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Wilson made the call in the huddle, not as an audible at the line of scrimmage, which explains why many of his teammates, to this day, did not realize that the play was supposed to be a pass.
“So I’d have had a 91-yard touchdown, is that what you’re telling me?” joked James Lofton, the only wide receiver in that personnel package. “I had no idea, nor was it discussed afterward.”
The change might not have been discussed, but the details of the run remain vivid for the Raiders involved. Nearly four decades later, their collective mind’s eye can see it in high definition, frame by frame, step by step, block by block. If that doesn’t speak to its extraordinary nature, the players’ momentary silence does. It’s as if they cannot find the right words to fully explain what they witnessed. When they do speak, the words are coated in awe.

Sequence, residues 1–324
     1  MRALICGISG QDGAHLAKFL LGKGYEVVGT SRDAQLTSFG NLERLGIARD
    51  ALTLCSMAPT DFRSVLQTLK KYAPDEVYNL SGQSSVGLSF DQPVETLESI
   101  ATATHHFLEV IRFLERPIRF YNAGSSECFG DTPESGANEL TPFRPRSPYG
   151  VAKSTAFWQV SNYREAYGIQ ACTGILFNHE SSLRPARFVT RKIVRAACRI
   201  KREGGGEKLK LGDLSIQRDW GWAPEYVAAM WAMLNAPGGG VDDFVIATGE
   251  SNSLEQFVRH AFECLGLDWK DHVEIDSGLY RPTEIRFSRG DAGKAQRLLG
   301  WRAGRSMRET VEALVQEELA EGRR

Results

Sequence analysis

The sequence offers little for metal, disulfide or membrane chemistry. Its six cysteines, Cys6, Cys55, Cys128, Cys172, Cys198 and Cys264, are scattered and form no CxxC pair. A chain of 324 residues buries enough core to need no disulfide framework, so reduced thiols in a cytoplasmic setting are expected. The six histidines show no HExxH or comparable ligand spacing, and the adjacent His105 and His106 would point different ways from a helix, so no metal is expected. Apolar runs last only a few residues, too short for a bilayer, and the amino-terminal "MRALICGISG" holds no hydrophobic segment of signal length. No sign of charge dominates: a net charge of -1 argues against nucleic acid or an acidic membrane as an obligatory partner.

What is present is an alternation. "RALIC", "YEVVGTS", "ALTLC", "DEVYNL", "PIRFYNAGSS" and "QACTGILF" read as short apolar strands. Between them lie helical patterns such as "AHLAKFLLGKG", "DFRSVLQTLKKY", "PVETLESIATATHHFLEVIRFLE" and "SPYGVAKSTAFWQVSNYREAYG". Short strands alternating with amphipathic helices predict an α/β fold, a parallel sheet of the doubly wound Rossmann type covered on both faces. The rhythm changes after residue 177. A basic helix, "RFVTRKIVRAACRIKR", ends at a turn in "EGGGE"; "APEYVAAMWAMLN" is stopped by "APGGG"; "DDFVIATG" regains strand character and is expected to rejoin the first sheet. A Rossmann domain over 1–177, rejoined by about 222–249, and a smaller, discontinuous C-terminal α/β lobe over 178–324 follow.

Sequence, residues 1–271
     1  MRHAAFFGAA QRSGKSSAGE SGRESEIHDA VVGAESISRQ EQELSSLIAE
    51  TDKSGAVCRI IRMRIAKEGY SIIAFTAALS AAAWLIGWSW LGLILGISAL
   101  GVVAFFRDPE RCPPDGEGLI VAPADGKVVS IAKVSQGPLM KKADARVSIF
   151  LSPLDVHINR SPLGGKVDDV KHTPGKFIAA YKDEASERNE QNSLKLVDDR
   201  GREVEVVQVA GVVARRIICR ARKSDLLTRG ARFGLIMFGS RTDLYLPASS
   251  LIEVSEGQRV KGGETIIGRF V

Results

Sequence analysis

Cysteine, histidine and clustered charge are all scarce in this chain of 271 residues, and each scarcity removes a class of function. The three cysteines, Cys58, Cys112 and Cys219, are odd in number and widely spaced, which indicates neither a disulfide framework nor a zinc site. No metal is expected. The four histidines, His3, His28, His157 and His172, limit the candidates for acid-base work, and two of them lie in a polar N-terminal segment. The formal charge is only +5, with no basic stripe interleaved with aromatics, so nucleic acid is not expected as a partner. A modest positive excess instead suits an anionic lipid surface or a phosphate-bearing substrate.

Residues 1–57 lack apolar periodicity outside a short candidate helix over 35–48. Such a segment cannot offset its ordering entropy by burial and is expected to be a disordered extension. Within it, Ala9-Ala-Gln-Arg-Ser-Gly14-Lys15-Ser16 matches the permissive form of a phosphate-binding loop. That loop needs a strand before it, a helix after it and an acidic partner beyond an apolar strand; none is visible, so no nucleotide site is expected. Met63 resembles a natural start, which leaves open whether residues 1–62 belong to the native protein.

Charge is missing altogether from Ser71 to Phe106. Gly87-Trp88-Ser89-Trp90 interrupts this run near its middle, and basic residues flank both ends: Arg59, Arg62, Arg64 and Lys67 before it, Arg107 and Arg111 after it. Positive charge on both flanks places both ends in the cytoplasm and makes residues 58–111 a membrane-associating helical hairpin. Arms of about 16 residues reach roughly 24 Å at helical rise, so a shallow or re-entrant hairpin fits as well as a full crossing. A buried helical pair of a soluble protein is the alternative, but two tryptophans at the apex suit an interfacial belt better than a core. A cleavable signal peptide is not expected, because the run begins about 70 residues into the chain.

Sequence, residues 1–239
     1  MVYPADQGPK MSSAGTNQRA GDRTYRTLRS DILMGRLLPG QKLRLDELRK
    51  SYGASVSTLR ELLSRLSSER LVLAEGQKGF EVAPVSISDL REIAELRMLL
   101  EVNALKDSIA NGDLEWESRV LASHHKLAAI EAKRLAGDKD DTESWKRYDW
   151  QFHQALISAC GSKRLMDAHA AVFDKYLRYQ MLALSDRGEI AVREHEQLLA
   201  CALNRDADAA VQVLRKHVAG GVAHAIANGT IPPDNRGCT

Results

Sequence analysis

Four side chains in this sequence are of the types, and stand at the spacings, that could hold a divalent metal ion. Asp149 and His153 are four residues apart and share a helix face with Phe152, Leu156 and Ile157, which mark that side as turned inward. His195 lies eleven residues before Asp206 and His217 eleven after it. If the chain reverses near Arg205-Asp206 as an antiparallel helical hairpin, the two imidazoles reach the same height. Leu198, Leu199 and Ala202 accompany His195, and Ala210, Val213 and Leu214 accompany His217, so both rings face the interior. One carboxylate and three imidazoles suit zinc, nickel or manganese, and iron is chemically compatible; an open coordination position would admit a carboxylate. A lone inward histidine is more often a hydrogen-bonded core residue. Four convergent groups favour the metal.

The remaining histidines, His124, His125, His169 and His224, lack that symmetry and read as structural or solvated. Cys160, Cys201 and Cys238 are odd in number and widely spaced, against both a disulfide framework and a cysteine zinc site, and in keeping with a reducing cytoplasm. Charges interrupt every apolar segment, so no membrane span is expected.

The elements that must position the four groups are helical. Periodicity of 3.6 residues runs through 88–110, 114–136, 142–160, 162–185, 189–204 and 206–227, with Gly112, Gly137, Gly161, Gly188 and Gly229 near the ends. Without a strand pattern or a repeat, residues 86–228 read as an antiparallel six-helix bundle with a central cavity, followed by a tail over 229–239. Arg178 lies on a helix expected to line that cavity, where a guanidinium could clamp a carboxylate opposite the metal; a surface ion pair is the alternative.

“If you’ve got some bad-asses out there, you expect that play to get you at least 7 to 15 yards, maybe 20,” Holloway said. “But Bo is different. If he breaks the line of scrimmage, there is no one who can catch him. That’s what made it so exciting. You know that on any play, it doesn’t matter where you are, there is no one who has the foot speed to catch him — and they certainly didn’t have the power to stop him. I’ve seen and played with the best, and as great as Earl Campbell was — not Bo Jackson. Barry Sanders is a dear friend, and as great as he is — not Bo Jackson.”
The Raiders did not know what they really had in Jackson when he showed up in 1987. He did not play football the previous year, despite being drafted by Tampa, because of a personal beef with then-Bucs owner Hugh Culverhouse.